Research aimed at understanding the geographic context of evolutionary histories is burgeoning across biological disciplines. Recent endeavors attempt to interpret contemporaneous genetic variation in the light of increasingly detailed geographical and environmental observations. Such interest has promoted the development of phylogeographic inference techniques that explicitly aim to integrate such heterogeneous data. One promising development involves reconstructing phylogeographic history on a continuous landscape. Here, we present a Bayesian statistical approach to infer continuous phylogeographic diffusion using random walk models while simultaneously reconstructing the evolutionary history in time from molecular sequence data. Moreover, by accommodating branch-specific variation in dispersal rates, we relax the most restrictive assumption of the standard Brownian diffusion process and demonstrate increased statistical efficiency in spatial reconstructions of overdispersed random walks by analyzing both simulated and real viral genetic data. We further illustrate how drawing inference about summary statistics from a fully specified stochastic process over both sequence evolution and spatial movement reveals important characteristics of a rabies epidemic. Together with recent advances in discrete phylogeographic inference, the continuous model developments furnish a flexible statistical framework for biogeographical reconstructions that is easily expanded upon to accommodate various landscape genetic features.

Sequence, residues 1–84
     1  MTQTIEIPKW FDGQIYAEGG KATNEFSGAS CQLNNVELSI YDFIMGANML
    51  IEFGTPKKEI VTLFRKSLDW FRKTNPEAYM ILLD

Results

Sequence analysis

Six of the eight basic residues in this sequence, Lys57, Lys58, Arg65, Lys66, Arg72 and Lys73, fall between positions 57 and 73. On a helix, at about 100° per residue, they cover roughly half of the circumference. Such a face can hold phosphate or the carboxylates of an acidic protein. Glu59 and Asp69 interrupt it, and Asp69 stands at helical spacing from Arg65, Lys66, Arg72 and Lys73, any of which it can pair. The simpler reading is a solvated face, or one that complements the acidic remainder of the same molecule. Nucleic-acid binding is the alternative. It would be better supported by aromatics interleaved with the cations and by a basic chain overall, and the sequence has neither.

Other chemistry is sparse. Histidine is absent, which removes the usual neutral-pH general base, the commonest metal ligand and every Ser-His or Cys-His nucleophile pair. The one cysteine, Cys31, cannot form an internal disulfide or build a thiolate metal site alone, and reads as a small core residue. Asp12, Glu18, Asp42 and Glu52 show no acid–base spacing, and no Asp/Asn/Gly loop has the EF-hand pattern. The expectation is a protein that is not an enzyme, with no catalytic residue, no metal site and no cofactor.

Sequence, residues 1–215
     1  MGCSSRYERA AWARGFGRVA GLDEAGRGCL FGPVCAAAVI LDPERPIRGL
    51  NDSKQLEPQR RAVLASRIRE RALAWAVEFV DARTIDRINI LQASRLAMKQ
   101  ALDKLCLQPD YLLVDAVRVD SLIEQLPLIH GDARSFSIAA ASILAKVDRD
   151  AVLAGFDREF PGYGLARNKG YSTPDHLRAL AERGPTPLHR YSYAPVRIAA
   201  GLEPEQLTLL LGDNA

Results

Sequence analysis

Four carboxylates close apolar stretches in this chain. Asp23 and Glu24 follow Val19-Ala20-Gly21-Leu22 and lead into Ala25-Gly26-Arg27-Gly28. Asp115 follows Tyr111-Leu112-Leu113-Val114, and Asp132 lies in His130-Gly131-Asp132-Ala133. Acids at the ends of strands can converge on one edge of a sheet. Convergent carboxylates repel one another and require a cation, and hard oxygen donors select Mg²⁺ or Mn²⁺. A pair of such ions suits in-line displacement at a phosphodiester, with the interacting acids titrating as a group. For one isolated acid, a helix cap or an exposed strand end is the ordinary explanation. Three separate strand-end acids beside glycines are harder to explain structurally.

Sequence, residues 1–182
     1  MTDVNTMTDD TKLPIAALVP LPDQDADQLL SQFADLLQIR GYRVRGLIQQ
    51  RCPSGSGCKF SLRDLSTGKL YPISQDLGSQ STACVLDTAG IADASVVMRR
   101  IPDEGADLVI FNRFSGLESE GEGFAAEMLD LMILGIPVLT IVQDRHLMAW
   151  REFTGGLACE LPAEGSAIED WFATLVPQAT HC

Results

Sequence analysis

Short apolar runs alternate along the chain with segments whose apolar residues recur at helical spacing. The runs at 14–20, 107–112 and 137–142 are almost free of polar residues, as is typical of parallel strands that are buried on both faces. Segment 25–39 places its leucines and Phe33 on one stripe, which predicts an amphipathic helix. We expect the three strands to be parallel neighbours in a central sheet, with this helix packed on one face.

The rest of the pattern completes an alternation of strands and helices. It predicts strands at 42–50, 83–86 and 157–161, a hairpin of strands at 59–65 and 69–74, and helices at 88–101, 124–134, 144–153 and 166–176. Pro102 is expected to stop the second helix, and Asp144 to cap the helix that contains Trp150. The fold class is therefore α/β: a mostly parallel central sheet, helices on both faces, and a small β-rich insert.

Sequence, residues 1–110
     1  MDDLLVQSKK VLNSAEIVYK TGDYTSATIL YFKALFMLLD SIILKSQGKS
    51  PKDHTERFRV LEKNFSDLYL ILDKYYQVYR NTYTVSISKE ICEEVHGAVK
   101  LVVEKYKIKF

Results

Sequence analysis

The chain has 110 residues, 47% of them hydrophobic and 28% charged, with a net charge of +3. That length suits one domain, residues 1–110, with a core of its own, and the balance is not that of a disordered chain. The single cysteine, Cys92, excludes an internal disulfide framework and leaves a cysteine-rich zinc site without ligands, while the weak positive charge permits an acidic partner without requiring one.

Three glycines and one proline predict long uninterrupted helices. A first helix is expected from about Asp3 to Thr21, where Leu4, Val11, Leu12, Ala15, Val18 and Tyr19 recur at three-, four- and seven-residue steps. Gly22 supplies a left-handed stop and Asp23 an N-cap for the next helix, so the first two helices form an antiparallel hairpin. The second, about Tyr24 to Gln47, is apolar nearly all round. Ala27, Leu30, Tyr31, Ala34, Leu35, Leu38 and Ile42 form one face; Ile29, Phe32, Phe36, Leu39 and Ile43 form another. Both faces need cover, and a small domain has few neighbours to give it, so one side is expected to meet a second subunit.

This article depicts a study of the phylogeography of a raccoon rabies virus. Many of the points from this study were utilized by Dellicour et al. in their study on the same virus.